Costa Rica pioneered butterfly farming in the 1990s, and it has been an important export ever since. It is an export oriented to botanical gardens and other natural attractions where butterflies can be released by the thousands in enclosures; it is also an export that feeds the hunger of collectors. It is not a cure-all as Elizabeth Preston, on our radar again after five years, notes:
A study suggests that monarchs bred by enthusiasts were less fit than those that started as caterpillars in the wild.
Monarch butterflies look delicate, but they need to be super-tough to survive their annual migrations. The monarchs of eastern North America may travel thousands of miles to their winter home in Mexico’s Sierra Madre mountains. And, increasingly, they’re not making it, a problem that has been blamed on habitat loss, climate change and pesticides.
In an effort to boost the struggling insect’s numbers, some butterfly enthusiasts buy monarchs raised in captivity or breed their own, then set them free. But research published Wednesday in Biology Letters shows that captive-born monarchs are weaker than wild ones — adding evidence to the arguments of those who warn that releasing them does more harm than good.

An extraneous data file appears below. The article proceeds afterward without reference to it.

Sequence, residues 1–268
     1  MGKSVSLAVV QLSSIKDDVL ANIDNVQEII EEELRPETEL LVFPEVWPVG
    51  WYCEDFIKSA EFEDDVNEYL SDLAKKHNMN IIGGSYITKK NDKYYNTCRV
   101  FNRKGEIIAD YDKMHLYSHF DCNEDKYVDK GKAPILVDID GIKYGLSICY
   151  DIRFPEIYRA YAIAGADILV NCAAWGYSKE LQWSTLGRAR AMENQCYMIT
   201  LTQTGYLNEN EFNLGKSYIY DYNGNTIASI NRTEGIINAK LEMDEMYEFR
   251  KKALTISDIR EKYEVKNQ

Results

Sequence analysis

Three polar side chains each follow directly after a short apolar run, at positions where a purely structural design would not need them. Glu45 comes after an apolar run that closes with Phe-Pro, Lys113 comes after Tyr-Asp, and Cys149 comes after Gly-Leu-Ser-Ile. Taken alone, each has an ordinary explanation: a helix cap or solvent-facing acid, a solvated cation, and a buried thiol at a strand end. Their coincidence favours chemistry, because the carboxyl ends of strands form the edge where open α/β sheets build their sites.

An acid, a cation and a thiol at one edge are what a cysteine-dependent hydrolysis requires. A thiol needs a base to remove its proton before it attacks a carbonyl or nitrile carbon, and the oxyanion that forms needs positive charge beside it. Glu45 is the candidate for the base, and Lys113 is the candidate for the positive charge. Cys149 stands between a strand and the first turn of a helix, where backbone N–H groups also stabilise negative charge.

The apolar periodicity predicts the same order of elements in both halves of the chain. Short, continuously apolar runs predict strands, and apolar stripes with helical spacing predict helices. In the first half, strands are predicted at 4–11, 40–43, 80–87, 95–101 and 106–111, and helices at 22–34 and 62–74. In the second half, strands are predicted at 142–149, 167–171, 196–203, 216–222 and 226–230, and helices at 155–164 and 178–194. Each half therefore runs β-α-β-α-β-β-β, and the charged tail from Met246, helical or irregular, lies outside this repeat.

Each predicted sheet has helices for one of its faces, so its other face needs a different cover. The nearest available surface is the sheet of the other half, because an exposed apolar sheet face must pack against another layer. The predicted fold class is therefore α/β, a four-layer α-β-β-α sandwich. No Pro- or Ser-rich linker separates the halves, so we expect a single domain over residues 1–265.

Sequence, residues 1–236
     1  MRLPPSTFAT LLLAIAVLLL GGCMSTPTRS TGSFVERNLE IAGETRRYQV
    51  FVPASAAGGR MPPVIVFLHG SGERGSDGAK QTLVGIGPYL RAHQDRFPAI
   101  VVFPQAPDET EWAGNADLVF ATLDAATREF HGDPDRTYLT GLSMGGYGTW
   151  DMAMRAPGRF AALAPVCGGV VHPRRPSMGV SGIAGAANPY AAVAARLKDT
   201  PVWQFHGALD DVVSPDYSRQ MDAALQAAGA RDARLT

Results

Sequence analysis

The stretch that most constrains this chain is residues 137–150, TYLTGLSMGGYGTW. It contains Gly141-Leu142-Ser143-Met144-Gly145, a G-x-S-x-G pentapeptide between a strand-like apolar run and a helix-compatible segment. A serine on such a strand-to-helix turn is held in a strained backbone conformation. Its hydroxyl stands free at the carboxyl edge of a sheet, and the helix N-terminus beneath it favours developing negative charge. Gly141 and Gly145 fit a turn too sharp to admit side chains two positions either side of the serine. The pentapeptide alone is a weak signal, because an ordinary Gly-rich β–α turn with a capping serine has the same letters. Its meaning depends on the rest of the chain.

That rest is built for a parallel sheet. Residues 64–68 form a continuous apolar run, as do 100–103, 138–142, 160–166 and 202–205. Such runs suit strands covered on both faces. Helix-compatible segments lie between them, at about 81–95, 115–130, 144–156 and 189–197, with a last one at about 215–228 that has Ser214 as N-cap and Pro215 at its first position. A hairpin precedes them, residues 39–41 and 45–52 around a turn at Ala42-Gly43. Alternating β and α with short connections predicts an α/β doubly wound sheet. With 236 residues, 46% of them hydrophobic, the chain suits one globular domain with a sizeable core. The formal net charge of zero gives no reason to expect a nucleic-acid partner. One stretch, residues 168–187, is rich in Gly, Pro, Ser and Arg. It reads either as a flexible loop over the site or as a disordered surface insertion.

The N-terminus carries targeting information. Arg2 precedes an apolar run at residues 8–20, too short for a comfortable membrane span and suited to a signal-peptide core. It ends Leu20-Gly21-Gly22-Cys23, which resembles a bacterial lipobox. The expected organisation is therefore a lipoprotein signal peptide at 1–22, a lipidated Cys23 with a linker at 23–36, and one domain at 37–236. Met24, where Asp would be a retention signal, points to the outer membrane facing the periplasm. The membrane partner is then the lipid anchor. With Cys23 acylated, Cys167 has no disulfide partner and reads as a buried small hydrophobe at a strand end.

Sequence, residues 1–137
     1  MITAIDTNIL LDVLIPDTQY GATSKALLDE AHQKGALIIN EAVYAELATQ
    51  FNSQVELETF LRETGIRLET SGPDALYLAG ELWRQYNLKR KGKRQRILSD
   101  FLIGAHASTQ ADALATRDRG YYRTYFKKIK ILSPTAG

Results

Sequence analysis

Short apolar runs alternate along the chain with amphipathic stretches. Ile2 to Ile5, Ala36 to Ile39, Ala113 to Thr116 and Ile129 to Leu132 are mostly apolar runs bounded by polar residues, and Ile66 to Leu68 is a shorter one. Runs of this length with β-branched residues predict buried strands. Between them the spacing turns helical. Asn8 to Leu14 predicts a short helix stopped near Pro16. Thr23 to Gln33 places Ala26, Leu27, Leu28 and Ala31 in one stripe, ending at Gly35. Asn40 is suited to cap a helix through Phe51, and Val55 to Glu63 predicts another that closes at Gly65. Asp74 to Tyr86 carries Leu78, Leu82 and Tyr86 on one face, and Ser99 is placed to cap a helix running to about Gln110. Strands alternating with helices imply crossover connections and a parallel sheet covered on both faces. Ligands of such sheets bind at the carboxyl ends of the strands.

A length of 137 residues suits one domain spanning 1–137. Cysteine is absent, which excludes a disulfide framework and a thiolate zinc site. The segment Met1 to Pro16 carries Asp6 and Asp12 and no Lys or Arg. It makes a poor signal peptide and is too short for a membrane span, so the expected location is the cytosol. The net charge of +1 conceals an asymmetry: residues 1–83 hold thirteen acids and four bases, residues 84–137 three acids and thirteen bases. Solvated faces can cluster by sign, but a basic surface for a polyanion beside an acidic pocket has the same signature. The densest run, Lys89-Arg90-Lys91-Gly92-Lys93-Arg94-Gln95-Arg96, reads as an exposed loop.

Earlier research has shown that monarchs raised in captivity are less likely to reach Mexico. To find out why this might be, Andy Davis, an ecologist at the University of Georgia, and his co-authors raised 83 monarchs in two different indoor settings, using eggs from wild butterflies. They also caught 41 wild monarchs and brought them into the lab. Then — like a miniature NFL combine — they put the insects through a series of tests.
The scientists measured the monarchs’ wings, because larger, more elongated wings are known to help with migration. They also assessed the orange color of the butterflies, which can range from pale yellow to nearly brick-red. Monarchs with darker orange wings are more successful migrators, though this probably has to do with the butterflies’ overall fitness and not the color itself.
Finally, the scientists tested the monarchs’ strength. During migration, monarchs may have to hold on tightly to trees during high winds or storms. The researchers attached a wooden rod to an electronic force gauge and wrapped the rod in plastic mesh so the butterflies could grip it. Then they had each butterfly grasp the perch with its feet, and gently tugged the butterfly upward until it let go…
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